I came back home to New York City, bought a set of jars and went back to canning.
Roasted Heirloom Tomato Jam with Cardamom and Vanilla
Funny as it may sound, but although I made jams most of my life, I never made a jam of roasted tomatoes. Until I saw Amanda Hesser's wonderful recipe on Food52. It gave me all kinds of crazy ideas. The recipe is so good and so bulletproof that most of the crazy ideas actually worked. This is one of my favorite spin-offs.
* 5 lb ripe heirloom tomatoes
* 2 1/4 cups sugar
* grated zest of one large lemon or two small ones
* 1/4 cup lemon juice
* two inches long piece of vanilla bean
* 2 cinnamon sticks, each about 2 1/2 inches long
* 25 cardamoms
* 1 tsp salt
Using a pestle or mallet break the cardamom pods and release the dark seeds. Keep the pods, seeds and all the debris.
Cut the vanilla bean in half lengthwise.
Measure out 3/4 cups of sugar. In a small saucepan combine sugar and 3/4 cups of water and bring to a boil over high heat. Add the cardamoms and vanilla, reduce the heat to medium low and simmer for about five minutes. Remove from the heat and leave for half an hour to develop flavors. Strain, discard the cardamom and keep the vanilla bean.
Heat the oven to 400F.
Divide the remaining sugar roughly into three parts.
Cut the cinnamon sticks in half lengthwise
Core the tomatoes and slice them as thin as possible (1/8-1/4 inch thick).
Pour the third of the remaining sugar over the base of a 12-inch braising pan or other baking dish. Layer half of the tomatoes, overlapping the slices, in the pan. Sprinkle with the second third of the sugar. Top with the lemon zest, lemon juice, cinnamon and vanilla. Top with the remaining tomatoes, followed by the rest of the sugar. Pour the cardamom syrup all over. Leave the tomatoes for about 30 minutes.
Place the pan, uncovered in the oven and let the tomatoes cook for one hour. The tomato juices should simmer actively. Check from time to time, spooning the juices over the top tomatoes. After one hour stir the jam and break the tomatoes with the spoon.
Continue roasting, checking and stirring every 20 minutes -- the tomato juices should begin to gel at about 2 hours and fifteen minutes (it might take a little bit less or a little bit more time and will also depend on the amount of jam you are making). To test if jam is ready, spoon a little bit on the plate and let it cool. It is done if it holds the line when you run your finger through it. Remove the jam from the oven and let it cool.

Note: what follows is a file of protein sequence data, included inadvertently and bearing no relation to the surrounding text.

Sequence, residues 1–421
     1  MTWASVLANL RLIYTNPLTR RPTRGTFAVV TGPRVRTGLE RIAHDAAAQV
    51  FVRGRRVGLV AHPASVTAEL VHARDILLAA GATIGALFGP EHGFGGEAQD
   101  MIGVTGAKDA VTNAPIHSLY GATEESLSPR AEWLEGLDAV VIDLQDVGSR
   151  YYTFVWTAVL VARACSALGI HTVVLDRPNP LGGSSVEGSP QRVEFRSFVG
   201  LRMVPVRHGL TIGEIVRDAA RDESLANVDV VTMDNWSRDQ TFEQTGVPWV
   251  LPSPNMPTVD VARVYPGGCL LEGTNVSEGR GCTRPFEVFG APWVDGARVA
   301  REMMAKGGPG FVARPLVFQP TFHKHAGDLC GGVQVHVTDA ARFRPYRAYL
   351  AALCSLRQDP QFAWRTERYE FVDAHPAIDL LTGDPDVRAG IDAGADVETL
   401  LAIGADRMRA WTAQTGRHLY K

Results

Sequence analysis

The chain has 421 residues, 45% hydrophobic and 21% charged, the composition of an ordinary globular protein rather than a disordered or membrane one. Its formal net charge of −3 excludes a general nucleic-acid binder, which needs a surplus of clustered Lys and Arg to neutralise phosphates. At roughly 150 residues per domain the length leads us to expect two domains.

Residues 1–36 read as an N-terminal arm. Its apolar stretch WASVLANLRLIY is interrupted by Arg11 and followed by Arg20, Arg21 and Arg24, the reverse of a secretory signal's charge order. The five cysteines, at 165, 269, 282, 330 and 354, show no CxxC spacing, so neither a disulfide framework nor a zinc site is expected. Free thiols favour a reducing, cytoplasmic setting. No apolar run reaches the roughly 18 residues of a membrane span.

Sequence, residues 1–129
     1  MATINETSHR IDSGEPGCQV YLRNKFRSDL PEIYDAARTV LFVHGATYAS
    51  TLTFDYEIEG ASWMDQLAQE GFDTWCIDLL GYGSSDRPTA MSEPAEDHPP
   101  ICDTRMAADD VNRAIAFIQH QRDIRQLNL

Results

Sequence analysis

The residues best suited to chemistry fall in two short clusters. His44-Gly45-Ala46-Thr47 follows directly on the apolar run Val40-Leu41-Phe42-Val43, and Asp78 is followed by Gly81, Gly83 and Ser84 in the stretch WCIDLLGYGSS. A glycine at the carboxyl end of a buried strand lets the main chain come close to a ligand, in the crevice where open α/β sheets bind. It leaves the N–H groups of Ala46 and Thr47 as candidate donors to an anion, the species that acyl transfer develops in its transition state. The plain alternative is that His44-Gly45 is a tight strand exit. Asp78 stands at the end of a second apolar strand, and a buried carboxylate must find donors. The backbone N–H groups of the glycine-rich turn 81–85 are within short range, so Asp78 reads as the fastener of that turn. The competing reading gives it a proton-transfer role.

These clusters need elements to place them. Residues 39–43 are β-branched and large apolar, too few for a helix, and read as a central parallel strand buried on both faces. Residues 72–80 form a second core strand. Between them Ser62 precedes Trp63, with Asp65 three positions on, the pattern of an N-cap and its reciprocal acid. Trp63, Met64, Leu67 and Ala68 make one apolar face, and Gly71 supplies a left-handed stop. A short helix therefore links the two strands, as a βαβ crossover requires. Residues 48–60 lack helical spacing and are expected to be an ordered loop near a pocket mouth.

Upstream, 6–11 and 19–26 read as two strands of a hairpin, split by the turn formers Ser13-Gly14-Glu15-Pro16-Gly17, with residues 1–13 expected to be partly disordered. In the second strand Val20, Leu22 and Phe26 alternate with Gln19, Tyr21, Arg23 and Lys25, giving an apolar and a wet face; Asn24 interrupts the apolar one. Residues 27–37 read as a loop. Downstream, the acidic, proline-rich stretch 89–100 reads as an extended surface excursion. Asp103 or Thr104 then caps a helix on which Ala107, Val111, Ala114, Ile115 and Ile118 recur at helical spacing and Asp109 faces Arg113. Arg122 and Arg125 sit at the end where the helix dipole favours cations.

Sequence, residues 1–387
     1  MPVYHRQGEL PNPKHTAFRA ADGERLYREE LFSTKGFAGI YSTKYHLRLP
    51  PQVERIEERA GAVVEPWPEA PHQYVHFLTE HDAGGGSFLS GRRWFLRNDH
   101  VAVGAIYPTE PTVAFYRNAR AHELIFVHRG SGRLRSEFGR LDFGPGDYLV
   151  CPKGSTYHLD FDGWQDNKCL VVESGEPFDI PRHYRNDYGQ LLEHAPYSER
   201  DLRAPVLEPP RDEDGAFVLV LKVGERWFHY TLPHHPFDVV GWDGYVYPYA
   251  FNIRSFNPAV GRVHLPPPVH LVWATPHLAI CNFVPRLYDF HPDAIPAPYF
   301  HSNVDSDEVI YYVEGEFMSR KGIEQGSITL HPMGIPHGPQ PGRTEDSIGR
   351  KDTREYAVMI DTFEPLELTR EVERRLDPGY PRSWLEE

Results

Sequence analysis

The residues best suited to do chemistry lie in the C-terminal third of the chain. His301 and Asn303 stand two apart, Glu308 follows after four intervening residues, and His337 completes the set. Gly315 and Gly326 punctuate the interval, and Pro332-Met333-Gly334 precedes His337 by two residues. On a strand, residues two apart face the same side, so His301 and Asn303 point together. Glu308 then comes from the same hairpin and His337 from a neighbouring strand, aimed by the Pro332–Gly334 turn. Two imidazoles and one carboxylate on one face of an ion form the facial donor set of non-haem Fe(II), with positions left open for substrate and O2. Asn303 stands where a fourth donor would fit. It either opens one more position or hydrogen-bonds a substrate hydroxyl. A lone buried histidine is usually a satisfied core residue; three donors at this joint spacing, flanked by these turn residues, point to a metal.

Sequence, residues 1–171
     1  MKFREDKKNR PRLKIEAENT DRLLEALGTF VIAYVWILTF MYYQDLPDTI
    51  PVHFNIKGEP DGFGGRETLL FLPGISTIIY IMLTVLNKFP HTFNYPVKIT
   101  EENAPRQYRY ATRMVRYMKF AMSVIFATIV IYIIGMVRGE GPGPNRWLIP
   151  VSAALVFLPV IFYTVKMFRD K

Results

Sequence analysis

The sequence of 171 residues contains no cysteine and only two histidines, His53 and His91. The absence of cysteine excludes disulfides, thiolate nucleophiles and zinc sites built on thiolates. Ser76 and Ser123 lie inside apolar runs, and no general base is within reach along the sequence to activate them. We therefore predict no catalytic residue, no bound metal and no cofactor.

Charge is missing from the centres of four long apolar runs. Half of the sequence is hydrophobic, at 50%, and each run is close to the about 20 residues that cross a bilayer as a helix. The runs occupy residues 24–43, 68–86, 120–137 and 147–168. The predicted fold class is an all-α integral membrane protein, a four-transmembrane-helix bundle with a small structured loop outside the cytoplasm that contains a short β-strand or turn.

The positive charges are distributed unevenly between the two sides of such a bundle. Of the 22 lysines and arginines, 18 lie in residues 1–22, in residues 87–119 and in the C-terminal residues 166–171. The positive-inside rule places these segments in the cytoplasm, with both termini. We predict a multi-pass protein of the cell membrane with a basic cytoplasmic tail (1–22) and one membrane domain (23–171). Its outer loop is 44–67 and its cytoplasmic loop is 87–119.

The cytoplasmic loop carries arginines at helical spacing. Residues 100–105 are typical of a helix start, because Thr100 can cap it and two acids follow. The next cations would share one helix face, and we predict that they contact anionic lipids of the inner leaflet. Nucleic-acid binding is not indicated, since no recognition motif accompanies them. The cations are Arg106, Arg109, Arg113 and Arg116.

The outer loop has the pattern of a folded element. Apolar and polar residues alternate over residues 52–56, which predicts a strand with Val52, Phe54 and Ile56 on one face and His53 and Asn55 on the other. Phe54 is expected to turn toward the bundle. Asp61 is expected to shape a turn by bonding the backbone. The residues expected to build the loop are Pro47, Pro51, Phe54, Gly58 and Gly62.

If you would like to eat the jam right away, store it in the fridge.
If you are preserving the jam, you probably know what to do, but for the sake of completeness: Wash the jars and lids well in hot soapy water. Place the lids in a small saucepan with water to cover, bring to a simmer (180°F/82°C) and maintain the simmer until you are ready to use them. Do not boil. To sterilize the jars, fit a large pot with a rack, or line with a folded kitchen towel. Fill the pot two thirds with hot water and bring to a boil. Fill the jars with hot water and with tongs gently lower the jars into the pot, making sure that they are covered by at least one inch of water. Bring the water to a boil over high heat and boil for 10 minutes. Ladle hot jam into jars just up to the base of the neck, leaving 1/2 inch room at the top. Run a chopstick around the inside edge of the jar to release any air bubbles trapped inside, then adjust the headspace if necessary. Wipe the rim with a clean, damp cloth. Use tongs to remove a hot sterilized lid from the simmering water and dry with a clean kitchen towel. Close the lid tightly. Arrange the filled jars in the pot with hot water. Make sure the jars are covered by at least 2 inches of water. Cover the pot with the lid and bring to a boil. After the water has returned to a rapid boil, boil the jars for 10 minutes. Transfer jars to a folded towel and allow them to cool for 12 hours. Test the seals by removing rings and lifting jars by the flat lid. If the lid releases, the seal has not formed. Unsealed jars should be refrigerated and used within a month, or reprocessed. (Rings and jars may be reused, but a new flat lid must be used each time a jar is processed.)